First staged in 2010 at the Philippine Educational Theater Association (PETA) Theater Center in New Manila, The Care Divas was such a sensational hit that this musical was restaged in November 2011 due to what was publicized as “public insistence.” In April 2012, the musical was restaged in a bigger venue, the Onstage Theatre in Makati City, the central business district of the National Capital Region. Five years after, The Care Divas returns to the PETA Theater Center for a limited run beginning 3 February 2017. Written by Liza Magtoto with music by Vince de Jesus and directed by Maribel Legarda, The Care Divas revolves around the struggle of five Filipino caregivers in Israel. However, this struggle is a mere background to the real struggle with their sexual identities as bakla (Filipino gay men) in this predominantly Jewish nation.

The five caregivers-turned-divas as they perform before the owner of a bar in Tel-Aviv. Photo: Philippine Educational Theater Association

Inspired by a true story, the musical follows the adventure of five Filipino caregivers who moonlight as drag queens at a nightclub in Tel Aviv during the second intifada or the Palestinian uprising against Israeli rule. At the core of the musical is Chelsea (performed by Melvin Lee and alternating with Red Concepcion), who of the five, seems to be the luckiest. Chelsea’s employer, Isaac (performed by Paul Holmes and alternating with Leo Rialp) treats Chelsea as his own child and teaches him Israeli culture, particularly the Hebrew language. At the same time, Chelsea has a potential boyfriend (the Palestinian Faraj, performed by Myke Solomon) who is welcoming of his being bakla. Shai, (played by Vince de Jesus, who also composed and wrote the songs) the leader of the group, is haunted by his family, especially his mother who never accepted his homosexuality. Chelsea and Shai are joined by Kayla (Jerald Napoles in the earlier productions and currently played by Ricci Chan and Gio Gahol), Thalia (Dudz Teraña and Jason Barcial) and Jonee (Buddy Caramat, alternating with Thou Reyes) whose employers are not as good as Chelsea’s. During the most crucial performance of the five caregivers turned “divas,” Kayla who is the club owner’s favorite, is deported for working illegally in Israel. As a result, the dream of making it “big” in Tel Aviv begins to shatter as the opportunity to perform as a front act is given to Nonah (performed by Joan Bugcat), the group’s girl friend and also a caregiver in Tel Aviv. Everything falls out of place when suddenly a Palestinian suicide bomber detonates a bomb killing Chelsea instantly while trying to save Faraj from the Israeli policemen and from the danger of being deported. Towards the end, the remaining “divas” commemorate the “heroic” deeds of Chelsea and begin a celebratory song number that speaks of tolerance and acceptance.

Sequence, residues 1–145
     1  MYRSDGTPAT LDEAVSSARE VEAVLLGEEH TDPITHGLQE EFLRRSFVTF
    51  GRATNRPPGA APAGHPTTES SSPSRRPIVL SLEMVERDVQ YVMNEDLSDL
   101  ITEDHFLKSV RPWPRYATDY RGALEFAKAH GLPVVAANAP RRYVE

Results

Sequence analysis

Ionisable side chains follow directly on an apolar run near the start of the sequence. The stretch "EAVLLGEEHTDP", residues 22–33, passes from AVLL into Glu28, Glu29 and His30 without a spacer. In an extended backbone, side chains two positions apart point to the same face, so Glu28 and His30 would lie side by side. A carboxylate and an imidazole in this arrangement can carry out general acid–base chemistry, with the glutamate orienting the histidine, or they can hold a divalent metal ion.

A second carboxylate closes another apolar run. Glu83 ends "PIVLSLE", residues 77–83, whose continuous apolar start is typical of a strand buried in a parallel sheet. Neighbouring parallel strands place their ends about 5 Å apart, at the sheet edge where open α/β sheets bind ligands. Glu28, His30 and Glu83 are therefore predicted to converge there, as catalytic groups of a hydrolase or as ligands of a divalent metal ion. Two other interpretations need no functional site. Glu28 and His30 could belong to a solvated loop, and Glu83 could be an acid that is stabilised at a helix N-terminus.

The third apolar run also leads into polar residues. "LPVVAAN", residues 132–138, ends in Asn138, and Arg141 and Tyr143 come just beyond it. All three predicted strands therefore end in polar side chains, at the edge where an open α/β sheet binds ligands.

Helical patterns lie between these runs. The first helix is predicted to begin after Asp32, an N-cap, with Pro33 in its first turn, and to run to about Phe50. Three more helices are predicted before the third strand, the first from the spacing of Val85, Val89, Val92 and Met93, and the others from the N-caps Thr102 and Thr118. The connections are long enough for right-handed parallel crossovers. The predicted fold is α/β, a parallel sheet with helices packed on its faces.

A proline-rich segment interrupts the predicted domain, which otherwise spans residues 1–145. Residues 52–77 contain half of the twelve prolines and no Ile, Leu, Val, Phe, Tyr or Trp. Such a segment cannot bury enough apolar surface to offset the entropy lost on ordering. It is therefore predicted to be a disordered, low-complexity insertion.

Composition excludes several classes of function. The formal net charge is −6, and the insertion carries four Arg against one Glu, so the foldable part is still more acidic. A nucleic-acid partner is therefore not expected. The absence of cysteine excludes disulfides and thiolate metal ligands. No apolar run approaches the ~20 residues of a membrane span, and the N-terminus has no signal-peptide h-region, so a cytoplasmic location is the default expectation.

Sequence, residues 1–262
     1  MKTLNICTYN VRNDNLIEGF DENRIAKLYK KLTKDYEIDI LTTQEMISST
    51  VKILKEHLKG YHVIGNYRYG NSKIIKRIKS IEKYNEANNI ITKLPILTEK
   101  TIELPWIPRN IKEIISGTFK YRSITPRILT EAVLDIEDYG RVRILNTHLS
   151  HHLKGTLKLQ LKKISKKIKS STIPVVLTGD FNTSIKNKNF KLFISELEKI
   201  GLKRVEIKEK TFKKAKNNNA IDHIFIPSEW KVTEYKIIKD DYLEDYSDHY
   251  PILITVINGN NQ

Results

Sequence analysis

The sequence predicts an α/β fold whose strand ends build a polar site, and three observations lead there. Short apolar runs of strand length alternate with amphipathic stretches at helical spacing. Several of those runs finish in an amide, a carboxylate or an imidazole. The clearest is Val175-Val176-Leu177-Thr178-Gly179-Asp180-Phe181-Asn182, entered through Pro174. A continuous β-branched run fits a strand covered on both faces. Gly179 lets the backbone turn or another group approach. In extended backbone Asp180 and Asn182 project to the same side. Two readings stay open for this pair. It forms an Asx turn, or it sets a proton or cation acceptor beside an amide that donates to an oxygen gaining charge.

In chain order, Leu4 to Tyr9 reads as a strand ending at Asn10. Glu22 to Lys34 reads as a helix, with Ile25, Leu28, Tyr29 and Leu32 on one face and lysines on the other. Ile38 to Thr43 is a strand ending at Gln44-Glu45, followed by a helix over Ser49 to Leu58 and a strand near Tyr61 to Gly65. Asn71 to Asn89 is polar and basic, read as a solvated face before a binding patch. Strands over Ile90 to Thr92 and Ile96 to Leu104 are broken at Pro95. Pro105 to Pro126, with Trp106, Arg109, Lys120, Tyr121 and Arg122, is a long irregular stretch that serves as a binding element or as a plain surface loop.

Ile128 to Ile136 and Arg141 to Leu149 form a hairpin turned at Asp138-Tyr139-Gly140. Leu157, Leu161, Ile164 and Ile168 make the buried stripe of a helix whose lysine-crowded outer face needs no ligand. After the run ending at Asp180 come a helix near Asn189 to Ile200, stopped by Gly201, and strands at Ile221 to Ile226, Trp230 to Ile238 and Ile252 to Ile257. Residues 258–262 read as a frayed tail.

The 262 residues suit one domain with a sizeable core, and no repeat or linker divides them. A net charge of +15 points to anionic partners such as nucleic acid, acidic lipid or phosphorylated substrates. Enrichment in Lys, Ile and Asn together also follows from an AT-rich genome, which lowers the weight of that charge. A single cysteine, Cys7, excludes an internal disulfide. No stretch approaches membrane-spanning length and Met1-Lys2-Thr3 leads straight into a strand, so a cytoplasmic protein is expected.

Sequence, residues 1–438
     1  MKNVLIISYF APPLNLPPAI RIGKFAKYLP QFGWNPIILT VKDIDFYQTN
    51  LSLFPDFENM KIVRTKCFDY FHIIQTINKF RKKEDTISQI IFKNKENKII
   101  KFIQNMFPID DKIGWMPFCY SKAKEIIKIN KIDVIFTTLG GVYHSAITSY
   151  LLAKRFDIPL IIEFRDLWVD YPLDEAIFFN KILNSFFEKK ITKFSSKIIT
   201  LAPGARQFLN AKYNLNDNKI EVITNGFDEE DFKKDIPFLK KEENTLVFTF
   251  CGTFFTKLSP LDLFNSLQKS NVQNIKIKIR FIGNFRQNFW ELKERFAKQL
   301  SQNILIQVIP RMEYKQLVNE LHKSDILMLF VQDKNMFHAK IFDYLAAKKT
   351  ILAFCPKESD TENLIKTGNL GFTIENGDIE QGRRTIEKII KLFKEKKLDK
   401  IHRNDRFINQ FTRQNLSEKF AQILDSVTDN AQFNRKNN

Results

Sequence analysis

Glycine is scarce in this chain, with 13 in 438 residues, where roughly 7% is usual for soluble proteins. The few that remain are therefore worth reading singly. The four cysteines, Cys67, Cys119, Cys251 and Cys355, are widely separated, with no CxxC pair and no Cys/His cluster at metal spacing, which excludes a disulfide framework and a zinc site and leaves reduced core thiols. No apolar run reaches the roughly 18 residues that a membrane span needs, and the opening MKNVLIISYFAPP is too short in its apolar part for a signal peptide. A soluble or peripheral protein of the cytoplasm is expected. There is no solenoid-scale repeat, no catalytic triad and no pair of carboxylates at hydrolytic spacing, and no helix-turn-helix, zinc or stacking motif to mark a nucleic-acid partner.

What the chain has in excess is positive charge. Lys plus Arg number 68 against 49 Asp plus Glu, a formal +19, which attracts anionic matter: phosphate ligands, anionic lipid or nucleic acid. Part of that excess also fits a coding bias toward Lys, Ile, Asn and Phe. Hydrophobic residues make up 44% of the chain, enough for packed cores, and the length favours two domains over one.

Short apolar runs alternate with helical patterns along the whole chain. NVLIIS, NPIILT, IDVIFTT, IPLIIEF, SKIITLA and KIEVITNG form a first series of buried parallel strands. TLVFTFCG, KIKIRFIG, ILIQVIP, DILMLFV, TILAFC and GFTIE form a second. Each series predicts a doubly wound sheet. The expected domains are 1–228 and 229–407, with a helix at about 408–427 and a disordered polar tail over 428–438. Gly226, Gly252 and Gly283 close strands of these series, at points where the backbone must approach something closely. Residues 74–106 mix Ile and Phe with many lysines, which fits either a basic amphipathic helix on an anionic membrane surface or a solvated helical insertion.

The attempt of The Care Divas to represent the bakla has implicitly featured the Filipino homosexual as a cosmopolitan. The five caregivers-turned-divas are exemplars of what some scholars of cosmopolitanism call the citizen-of-the-world or being at home in the world. This is because, being in a transnational setting, these Filipino caregivers in Israel engage in what anthropologist Ulf Hannerz calls an intellectual and aesthetic stance of openness toward divergent cultural experiences by negotiating cultural traditions from their home country (in the case of the musical, the Philippines) with the culture and traditions of the receiving country (Israel, in the musical).

This cosmopolitan argument plays with instances of opening up oneself to many cultural affiliations. But more importantly, the cosmopolitan-self concerns a responsibility towards the other anchored within a genuine caring as implicated in their performance of affective labor while being caregivers in Israel. In other words, cosmopolitanism in the musical is a disposition of survival based on negotiations and inspired by an enactment of care and an ethical disposition of responsibility towards the other. In this light, the other (in the case of the musical, the citizens of the host country Israel) is not a stranger to these bakla despite the often othering of their gender.